Two patients (patients 1 and 3) had unilateral involvement with discrete, salmon colored nasal conjunctival masses in the region of the plica semilunaris [Figure 1], and one patient (patient 2) had bilateral eyelid fullness and conjunctival chemosis [Figure 2]a. The masses were painless, nontender, and were not associated with any other ocular complaints. The rest of the ocular examination was unremarkable. All patients were in good health systemically.
MRI of the orbits in patient 2 revealed bilateral lacrimal gland enlargement, greater on the left side, and involving the left upper eyelid [Figure 2]b. All laboratory tests were within normal limits.
|Figure 1: Patient 1. Nodular, pinkish conjunctival mass involving the medial canthal region in the right eye|
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|Figure 2: Patient 2. (a) Diffuse involvement of temporal conjunctiva in left eye. Part of the involved lacrimal gland can also be seen. (b) MRI of patient 2: Bilateral lacrimal gland enlargement, more on the left side, involving the left upper eyelid|
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Light microscopic examination of the biopsy specimens revealed a dense infiltrate of mature lymphocytes in the conjunctival substantia propria with multiple nests of lymphocytes (follicles) with germinal centers. Immunohistochemical staining with B-lymphocyte (anti-CD-20) and T-lymphocyte (anti-CD-3 and anti-CD-43) markers showed heavy staining of the cells [Figure 3]a. The B cells were located in the well-defined lymphoid follicles with reactive T cells interspersed in the peri- and interfollicular areas [Figure 3]b. Anti-CD-21 staining was also positive. Anti-BCL-2 staining was negative and kappa and lambda staining was polytypic with no evidence of restriction, confirming the benign nature of the follicles [Figure 3]c. These light microscopic, and immunohistochemical findings were consistent with a benign reactive process, and the patients were diagnosed with RLH [Table 2].
The patients have been followed up for a period of 9-15 months. There has been no evidence of recurrence or transformation of the ocular surface disease. Systemic evaluation by a pediatric oncologist has not revealed any abnormalities.
|Figure 3: Immunohistopathology (Patient 1): (a) Dense lymphoid cell infiltrate in subepithelial tissue (haematoxylin and eosin). (b) B-lymphocytes present mainly within the follicles (arrow) (CD20 stain) with reactive germinal centre. The follicles are composed mainly of B-lymphocytes (CD20, original magnification, 20×). (c) The perifollicular lymphoid cells are T-lymphocytes (arrow; CD3, original magnification, 20×)|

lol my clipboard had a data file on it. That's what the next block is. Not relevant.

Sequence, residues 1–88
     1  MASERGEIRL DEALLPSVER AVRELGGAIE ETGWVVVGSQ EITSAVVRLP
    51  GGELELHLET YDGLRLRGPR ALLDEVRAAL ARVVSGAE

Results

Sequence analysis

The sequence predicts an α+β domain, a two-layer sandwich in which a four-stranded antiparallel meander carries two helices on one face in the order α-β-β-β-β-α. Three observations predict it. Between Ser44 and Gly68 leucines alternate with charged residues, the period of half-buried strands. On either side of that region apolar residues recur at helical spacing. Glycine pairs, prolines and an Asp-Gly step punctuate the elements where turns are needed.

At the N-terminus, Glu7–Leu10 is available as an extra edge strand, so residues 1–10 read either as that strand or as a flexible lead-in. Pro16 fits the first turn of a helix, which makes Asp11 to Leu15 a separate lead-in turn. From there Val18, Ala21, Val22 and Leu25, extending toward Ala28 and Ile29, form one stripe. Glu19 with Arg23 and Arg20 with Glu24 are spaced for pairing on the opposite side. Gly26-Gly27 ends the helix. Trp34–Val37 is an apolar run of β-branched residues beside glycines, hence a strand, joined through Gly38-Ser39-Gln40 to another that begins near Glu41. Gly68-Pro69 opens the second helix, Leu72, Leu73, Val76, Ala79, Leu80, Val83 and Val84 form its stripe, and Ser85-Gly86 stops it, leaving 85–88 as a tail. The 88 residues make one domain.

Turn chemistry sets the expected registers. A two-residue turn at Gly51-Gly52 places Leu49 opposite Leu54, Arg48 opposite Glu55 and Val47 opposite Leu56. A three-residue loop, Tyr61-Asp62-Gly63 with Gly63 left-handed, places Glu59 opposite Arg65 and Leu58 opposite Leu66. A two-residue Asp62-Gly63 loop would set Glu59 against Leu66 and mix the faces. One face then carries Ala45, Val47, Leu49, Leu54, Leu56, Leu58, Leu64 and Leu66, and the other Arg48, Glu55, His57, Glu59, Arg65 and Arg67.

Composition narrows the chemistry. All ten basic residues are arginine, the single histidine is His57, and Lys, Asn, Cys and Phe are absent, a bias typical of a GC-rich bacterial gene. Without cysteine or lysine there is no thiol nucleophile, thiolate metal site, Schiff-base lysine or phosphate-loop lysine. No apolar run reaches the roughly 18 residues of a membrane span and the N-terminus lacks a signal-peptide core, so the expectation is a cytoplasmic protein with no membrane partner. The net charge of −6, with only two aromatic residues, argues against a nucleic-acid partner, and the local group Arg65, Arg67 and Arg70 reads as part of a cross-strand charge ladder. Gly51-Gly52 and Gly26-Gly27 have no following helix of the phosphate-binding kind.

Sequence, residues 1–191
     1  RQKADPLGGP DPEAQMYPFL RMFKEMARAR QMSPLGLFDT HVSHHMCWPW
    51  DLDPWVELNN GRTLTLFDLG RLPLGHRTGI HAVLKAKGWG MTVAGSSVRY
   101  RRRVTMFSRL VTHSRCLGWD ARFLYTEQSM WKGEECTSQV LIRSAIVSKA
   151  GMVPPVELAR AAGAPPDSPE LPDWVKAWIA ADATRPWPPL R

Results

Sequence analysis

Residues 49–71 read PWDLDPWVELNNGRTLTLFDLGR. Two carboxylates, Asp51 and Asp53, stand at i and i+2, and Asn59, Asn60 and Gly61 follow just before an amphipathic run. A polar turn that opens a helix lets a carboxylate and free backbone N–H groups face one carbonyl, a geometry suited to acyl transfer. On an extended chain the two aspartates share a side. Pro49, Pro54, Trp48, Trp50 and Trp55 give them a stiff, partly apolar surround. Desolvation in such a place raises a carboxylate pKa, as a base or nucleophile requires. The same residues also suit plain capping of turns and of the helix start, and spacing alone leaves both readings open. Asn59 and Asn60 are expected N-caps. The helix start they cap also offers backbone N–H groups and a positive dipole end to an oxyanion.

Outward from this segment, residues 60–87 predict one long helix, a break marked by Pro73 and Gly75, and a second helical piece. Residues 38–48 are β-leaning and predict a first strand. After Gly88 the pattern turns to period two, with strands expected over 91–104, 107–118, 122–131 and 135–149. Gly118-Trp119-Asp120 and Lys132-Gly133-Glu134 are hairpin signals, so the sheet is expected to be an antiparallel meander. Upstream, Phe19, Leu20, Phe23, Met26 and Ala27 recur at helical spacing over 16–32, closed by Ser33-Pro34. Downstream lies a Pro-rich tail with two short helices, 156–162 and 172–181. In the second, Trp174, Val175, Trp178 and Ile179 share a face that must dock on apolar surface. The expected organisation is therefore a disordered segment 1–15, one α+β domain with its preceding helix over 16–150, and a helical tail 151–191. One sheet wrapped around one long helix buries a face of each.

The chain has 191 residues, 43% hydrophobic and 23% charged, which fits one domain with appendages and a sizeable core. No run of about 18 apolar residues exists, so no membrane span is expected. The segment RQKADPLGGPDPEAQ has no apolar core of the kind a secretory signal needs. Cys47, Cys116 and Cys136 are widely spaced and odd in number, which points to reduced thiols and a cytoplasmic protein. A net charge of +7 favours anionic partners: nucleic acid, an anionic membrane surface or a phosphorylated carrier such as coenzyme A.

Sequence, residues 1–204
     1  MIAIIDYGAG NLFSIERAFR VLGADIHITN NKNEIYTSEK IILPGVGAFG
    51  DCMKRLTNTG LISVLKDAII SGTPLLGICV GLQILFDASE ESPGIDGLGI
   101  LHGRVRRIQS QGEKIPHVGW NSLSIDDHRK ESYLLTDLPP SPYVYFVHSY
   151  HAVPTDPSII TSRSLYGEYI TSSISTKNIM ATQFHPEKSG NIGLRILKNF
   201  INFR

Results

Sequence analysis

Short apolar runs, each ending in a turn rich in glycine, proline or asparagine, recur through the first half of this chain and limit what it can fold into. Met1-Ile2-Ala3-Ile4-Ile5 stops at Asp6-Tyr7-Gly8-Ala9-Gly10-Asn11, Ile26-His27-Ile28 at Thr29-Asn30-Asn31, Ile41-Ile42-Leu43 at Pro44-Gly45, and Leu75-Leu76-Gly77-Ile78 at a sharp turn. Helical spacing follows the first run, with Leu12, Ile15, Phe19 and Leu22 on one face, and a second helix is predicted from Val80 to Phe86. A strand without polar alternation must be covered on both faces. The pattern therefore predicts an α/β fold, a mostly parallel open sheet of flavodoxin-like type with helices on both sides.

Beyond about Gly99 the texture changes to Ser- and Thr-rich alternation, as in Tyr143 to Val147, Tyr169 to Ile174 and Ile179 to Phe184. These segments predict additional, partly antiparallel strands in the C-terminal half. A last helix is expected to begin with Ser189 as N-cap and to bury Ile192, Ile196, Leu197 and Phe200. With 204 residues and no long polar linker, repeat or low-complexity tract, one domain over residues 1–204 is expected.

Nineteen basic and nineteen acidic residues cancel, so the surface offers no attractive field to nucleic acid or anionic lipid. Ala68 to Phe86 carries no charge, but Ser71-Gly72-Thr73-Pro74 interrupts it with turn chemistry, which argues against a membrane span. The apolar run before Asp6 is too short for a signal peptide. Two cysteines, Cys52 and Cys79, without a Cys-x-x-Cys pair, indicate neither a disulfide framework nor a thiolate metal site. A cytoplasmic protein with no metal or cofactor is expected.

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| Discussion|| |
Lymphoproliferative disorders of the ocular adnexa (orbit, eyelid, and conjunctiva) include a group of diseases ranging from RLH and atypical lymphoid hyperplasia to lymphoma. RLH is believed to be a consequence of a chronic inflammatory response of lymphoid cells in the lacrimal gland, conjunctiva, or lacrimal drainage system to irritating or antigenic stimuli. , Benign RLH in a myopic patient with extremely thin sclera, led the authors to hypothesize that choroidal antigens are able to perfuse through thin sclera and act as chronic irritants to the overlying conjunctiva resulting in a lymphoid response.  RLH has been reported to account for 10% of all conjunctival lymphoid proliferative lesions. 
Histopathology, immunophenotyping, and molecular studies are helpful in the diagnosis of these lesions and establishing their benign nature. A unicentric, polyclonal lymphoproliferation favors a diagnosis of RLH as compared with multicentricity and monoclonality, which are hallmarks of lymphomas.  Recently, a new entity of multifocal RLH with a more favorable prognosis than follicular lymphoma has been described. 
Patients with ocular adnexal RLH have an indolent clinical course. Some patients have a history of asthma, hypergammaglobulinemia, and systemic involvement. , Malignant transformation of conjunctival lesions is reportedly rare compared with eyelid or orbital lesions. Development of systemic lymphoma is significantly associated with extent of disease at presentation, and bilateral disease.  One of our patients (patient 2) who had bilateral involvement had a residual conjunctival tumor after resection. The management of such patients is not well defined in literature; whether local irradiation prevents later transformation to a higher-grade lymphoma is not clear. Awareness of the substantial vision-threatening risks associated with radiation led to the decision of observation of our patient.
In conclusion, RLH in children tends to have a benign, self-limited course, but surgical excision may be necessary for complete resolution. A potential for recurrence and transformation necessitates periodic, long-term follow-up of patients.
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[Figure 1], [Figure 2], [Figure 3]
[Table 1], [Table 2]